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Tesla Test Drive


I originally had a ton of time to get to the test drive, however, R. discovered that I wasn't the only person having trouble with the sleep/wake button on my iPhone 5. There is warranty work. So the phone is in the shop and I have a loaner (weirdly like cars), and that process got wedged into the time I had between T. getting home and the test drive.

R. came along, and if I had it to do over again, I might ask that R. get his own test drive, because I suspect that I wouldn't not have had such a profoundly negative test drive experience if I had not sat down in the back seat. But I _did_ sit down in the back seat. While there is adequate leg room, there is not adequate head room, and it there are some other problems as well.

First, a note about me. I am a bit over 5'7" tall, and as you would expect, I have more of that in my legs than in my head, neck and torso. In general, if I set down in the back seat of a car, I don't experience any kind of headroom issue, unless it is some weird sort of not-a-real-back-seat situation, but I haven't been in one of those since I was a teenager -- I don't think I'd considered this as a possible situation in the Tesla because there is optional _third row seating_. I will concede that the years have added additional padding to my ass, and therefore additional height while seated, but this is not actually that significant. I wound up leaning towards the middle of the back seat to avoid my head touching the ceiling. Strike one.

Second, I have some neurological problems that manifest in a variety of ways and a couple of them are relevant here. I'm prone to headaches in bright light, particularly if the light is coming in at a particular angle. At least this Tesla had, in addition to a sunroof, a smoked glass? or something ceiling/roof behind the sunroof, so it kind of was not possible for me to get fully out of the sunshine in the backseat. Ouch. In conjunction with a headache associated with too-damn-much-stuff-in-one-day, very, very painful. Strike two. Presumably, this particular issue is resolvable through appropriate options selection when ordering one.

Third, my husband's theory of test drive involved doing things to the car that makes being a rider somewhat unpleasant. If I hadn't been in the car while he was doing this, I probably would have enjoyed the test drive more. Not really Tesla's fault.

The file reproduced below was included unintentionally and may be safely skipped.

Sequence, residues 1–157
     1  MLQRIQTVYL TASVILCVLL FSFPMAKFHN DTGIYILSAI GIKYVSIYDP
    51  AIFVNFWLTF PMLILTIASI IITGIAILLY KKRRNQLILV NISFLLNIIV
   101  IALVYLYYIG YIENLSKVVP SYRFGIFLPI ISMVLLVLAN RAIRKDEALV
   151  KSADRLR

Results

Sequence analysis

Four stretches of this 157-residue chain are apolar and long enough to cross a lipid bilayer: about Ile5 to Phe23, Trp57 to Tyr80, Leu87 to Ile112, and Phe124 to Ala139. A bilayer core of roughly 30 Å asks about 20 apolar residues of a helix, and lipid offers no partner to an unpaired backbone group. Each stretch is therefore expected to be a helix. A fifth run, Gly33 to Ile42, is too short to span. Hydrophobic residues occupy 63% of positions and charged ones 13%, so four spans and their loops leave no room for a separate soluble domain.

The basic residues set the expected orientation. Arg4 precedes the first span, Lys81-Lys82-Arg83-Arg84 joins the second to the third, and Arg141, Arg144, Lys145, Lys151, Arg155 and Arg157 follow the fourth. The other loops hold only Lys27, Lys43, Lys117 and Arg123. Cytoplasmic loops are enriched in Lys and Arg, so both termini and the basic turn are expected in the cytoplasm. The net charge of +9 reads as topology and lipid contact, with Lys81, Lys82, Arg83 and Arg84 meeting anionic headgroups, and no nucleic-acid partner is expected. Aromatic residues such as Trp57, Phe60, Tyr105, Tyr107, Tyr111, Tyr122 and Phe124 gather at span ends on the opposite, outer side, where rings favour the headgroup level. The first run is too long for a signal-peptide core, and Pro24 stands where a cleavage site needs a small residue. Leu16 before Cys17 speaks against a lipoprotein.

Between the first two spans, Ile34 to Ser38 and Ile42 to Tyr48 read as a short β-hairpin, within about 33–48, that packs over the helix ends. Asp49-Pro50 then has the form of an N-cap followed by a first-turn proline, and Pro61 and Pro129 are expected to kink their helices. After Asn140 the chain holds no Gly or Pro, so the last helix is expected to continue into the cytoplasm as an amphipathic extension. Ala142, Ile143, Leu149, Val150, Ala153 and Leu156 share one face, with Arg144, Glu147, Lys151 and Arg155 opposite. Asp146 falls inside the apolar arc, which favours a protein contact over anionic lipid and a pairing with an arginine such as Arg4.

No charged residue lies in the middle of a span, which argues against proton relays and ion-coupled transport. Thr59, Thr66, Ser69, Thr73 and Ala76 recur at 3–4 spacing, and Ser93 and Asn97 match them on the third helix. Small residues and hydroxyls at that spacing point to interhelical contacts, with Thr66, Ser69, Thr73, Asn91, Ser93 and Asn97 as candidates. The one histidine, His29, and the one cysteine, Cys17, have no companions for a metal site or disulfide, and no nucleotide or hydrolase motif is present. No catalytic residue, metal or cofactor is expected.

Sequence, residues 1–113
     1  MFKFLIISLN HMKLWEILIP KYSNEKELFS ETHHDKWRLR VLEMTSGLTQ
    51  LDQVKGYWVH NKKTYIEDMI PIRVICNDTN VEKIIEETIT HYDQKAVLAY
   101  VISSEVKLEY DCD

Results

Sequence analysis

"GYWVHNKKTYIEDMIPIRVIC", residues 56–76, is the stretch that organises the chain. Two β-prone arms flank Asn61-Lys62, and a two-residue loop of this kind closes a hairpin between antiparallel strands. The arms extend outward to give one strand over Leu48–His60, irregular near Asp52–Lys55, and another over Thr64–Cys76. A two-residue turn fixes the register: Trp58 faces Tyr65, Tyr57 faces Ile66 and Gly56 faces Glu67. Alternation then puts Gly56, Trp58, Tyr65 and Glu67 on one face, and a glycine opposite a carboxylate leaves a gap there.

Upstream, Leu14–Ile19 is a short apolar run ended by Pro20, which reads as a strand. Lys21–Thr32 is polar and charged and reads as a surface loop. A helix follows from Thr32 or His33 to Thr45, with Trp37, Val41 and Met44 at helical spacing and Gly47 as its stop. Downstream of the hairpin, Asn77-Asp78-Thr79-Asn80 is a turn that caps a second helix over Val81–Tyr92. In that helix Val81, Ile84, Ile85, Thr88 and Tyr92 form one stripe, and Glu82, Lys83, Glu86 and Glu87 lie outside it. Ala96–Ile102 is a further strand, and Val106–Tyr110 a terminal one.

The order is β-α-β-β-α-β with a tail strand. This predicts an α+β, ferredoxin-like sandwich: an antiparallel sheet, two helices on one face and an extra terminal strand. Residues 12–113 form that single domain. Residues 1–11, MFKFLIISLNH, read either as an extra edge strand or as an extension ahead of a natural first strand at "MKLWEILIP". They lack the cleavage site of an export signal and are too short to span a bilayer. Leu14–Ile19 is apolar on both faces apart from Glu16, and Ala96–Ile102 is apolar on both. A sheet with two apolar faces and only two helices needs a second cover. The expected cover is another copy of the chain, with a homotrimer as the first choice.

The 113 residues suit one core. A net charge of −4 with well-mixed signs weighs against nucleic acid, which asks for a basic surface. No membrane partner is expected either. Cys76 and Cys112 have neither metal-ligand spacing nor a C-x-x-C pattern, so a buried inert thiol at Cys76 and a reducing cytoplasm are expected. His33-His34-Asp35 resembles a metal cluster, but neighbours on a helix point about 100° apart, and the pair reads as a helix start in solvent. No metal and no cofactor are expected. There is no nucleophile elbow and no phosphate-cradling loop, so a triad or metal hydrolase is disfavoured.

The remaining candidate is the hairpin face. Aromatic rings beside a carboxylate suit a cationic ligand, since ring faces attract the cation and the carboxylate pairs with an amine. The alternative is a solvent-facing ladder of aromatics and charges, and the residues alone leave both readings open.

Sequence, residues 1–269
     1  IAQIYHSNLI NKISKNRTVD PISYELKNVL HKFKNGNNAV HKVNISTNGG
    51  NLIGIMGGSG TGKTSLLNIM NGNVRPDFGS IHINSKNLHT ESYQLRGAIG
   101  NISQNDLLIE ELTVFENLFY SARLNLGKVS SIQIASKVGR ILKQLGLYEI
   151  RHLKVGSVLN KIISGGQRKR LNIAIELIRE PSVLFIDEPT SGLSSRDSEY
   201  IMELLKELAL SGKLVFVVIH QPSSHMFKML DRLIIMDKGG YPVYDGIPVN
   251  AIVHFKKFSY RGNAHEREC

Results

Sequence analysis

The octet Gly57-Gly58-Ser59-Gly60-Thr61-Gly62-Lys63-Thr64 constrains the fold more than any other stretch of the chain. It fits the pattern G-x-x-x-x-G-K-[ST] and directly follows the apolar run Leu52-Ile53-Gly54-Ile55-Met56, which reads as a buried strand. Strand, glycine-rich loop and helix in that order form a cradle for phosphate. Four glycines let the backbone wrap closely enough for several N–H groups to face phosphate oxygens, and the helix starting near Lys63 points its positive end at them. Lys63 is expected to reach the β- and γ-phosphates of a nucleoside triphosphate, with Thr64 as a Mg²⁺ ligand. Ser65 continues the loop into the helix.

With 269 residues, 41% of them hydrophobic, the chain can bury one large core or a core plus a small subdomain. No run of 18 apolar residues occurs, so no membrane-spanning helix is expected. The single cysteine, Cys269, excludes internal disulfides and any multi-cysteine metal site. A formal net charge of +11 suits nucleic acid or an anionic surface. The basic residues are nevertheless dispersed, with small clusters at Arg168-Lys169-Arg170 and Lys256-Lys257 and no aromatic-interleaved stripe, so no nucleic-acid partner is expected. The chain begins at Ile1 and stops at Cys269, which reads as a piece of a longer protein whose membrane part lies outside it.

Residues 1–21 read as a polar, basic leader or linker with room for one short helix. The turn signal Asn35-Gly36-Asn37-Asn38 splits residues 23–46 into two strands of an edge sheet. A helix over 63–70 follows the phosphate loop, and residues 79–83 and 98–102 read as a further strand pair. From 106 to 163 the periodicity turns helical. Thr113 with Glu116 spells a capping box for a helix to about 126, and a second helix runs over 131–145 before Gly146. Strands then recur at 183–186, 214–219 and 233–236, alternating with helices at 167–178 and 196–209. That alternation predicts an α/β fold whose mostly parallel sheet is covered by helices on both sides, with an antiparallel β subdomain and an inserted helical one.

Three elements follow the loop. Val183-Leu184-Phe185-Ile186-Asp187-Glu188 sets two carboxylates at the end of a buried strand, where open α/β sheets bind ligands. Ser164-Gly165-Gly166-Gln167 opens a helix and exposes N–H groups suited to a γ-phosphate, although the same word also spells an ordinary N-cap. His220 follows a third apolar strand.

Okay, so I have a headache, am feeling a little crammed in, have had unexpected sun exposure, my son decided to sit in the middle seat in the back (not helping with the claustrophobia) and yell about a variety of things during the ride, so by the time it's my turn to drive, I'm not necessarily overjoyed. It's a nice car. The seats are okay, but by no means the Mercedes level luxury that the Mercedes level ride of the Tesla might lead you to expect. Because believe me, everything everyone said about what a joy it is to ride and drive this car? Basically true. That's a great screen. You really fucking _need_ that rear-facing camera, because the visibility in this car is more or less the shittiest I have ever experienced and I used to drive a CRX. The windshield is so heavily raked it distorts your view forward optically, albeit subtly. The rear view is forced right up against the top of it (along with the toll transponder). The visor is this weird, thin thing, because the amount of windshield you can block and still see out of it at all is extremely limited. I wear a brimmed cap to deal with sun in my eyes; when I turned my head, it bumped, even in the driver's seat.

Now, you might think (I know I did), well just lower the seat! Alas, I was already unhappy with the angle of my knees. Not as bad as when I owned the CRX -- but I was a decade (more than!) younger when I sold that car.

I will say this for the Tesla: you won't mind its limited range, because you'll get sick of sitting in the damn thing long before the charge runs out. Never in my life have I been so excited about something, and been so disappointed. It is a gorgeous piece of machinery, which I apparently find so uncomfortable I cannot imagine owning it. By comparison, it was a joy to sit back down in my Fit, even with its honestly inadequately padded, benchlike seats. My knees didn't hurt and my head didn't bump.

The i3, so far, is winning, but I have yet to drive the Leaf.

ETA: Here is the i3 test drive description: http://walkitout.livejournal.com/1146170.html

ETA: Here is the Nissan Leaf test drive description: http://walkitout.livejournal.com/1148073.html

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